‘The Empire’ review: Riding and meandering on a sword’s edge

‘The Empire’ on Disney+ Hotstar  

Towards the end of this sprawling series, the character of Babur, in a conversation with her elder sister Khanzada, says religion is for man — and not the other way round — and inadvertently goes on to compare Hindus and Muslims in his newly-acquired territory, to his two sons between whom he has to choose the heir to his dream.

“Can’t both rule this vast empire?” Khanzada retorts; like a human body could be run by one heart and one mind, an empire needs one ruler. 

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The Empire provides an image makeover to Zahiruddin Mohammad Babur, perhaps one of the most-maligned historical figures in independent India — in popular culture — and opens a window to the Mughal Empire, beyond tales of Salim and Anarkali and Jodha Akbar.

Based on Alex Rutherford’s historical fiction Empire of the Moghul: Raiders From The North, the eight-episode-long first season captures the life of the nomadic, self-doubting, marauding prince who believed his destiny was to form an empire in Hindustan.

As his immensely-readable autobiographical account Baburnama suggests, the founder of the Mughal empire was brutally honest in confessing his faults and limitations. Apart from being a fierce fighter, the Timurid had an eye for natural beauty and could explain it in almost poetic detail. Add three strong women in his eventful life, and we have a compelling narrative waiting to be told. Mounted as the Indian answer to Game of Thrones, the ambitious project has an advantage as the dramatic events and layered characters are rooted in history.

The Empire
  • Season: 1
  • Creator: Nikkhil Advani
  • No. of episodes: 8
  • Cast: Shabana Azmi, Kunal Kapoor, Drashti Dhami, Dino Morea, Aditya Seal, Sahher Bambba, etc.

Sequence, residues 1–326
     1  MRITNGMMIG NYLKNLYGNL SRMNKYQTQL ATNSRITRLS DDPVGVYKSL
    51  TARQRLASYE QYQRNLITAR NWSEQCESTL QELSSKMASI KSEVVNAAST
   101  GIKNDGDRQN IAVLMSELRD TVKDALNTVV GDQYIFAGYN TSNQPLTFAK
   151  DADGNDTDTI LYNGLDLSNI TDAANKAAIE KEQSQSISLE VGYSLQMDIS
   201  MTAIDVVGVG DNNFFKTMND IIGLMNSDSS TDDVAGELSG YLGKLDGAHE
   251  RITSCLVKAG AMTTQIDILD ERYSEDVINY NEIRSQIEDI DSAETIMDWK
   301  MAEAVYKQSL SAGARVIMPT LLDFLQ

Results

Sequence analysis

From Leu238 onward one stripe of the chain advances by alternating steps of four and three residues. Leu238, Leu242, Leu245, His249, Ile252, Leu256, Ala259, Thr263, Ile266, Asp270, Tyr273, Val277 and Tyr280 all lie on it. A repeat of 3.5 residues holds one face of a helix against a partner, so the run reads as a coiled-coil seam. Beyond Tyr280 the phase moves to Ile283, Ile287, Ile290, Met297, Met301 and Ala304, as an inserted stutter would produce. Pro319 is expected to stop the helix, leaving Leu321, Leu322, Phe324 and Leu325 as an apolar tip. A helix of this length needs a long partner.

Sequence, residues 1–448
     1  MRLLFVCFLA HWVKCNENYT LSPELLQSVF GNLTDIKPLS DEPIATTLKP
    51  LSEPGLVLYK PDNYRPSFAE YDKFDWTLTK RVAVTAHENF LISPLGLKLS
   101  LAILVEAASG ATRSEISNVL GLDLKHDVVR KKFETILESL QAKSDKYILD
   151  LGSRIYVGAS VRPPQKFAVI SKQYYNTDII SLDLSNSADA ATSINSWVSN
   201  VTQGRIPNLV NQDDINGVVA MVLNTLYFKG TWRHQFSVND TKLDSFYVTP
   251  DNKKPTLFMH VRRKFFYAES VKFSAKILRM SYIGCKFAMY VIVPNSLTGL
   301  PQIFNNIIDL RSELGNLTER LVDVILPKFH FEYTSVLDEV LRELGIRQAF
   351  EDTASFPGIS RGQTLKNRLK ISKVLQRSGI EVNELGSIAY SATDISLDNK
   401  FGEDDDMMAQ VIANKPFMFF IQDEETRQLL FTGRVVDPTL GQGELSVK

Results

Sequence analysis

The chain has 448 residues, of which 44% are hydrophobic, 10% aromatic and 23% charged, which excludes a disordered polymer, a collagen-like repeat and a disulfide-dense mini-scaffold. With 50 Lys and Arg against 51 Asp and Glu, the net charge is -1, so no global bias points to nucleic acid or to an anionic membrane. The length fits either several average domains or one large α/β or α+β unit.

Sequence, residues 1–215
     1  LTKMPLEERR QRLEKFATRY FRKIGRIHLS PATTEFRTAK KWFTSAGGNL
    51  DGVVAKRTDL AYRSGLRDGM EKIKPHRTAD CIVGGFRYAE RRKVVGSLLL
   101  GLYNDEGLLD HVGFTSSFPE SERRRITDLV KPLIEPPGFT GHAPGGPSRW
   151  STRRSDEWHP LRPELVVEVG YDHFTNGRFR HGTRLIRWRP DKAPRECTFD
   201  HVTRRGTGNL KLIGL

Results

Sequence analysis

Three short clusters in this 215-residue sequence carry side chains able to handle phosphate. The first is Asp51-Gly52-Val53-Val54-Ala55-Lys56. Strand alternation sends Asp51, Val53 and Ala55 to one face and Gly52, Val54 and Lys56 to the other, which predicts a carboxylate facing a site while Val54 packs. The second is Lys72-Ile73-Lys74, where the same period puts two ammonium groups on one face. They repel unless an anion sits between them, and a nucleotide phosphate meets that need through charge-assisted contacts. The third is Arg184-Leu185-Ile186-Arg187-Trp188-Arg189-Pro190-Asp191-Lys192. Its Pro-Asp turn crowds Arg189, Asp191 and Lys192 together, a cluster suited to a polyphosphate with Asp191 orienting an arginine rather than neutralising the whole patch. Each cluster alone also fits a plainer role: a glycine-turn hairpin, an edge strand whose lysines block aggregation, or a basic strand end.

• Storyline: In the midst of scheming courtiers, ministers and a dead king, 14-year-old Babur steps up to his destiny and leaves an indelible mark on history

To their credit, director Mitakshara Kumar and writer Bhavani Iyer look beyond the romanticised idea of Mughals in Hindi cinema, and turn at least some uncomfortable chapters as to how the empire came into being: through brutal battles where fratricide was normal, where women of royal households could be pawned in battles to buy time, and how marriages were often political alliances.

Having said that, the series is located in the realm of historical fiction, where gaps in historiography are filled with figments of imagination, sometimes triggered by socio-political compulsions. So we get to see the First Battle of Panipat, but the equally important Battle of Khanwa is glossed over. Similarly, for an emperor who grew up listening to multicultural poetry of Amir Khusro, his interaction with his new subjects, particularly the Sikhs, remain untouched.

Coming from the arid mountains, Babur’s bond with the new land and its rich flora and fauna — something he has written about extensively — remains out of the script. His love for opium and music has been airbrushed, and so is the image of his father Umar Sheikh Mirza.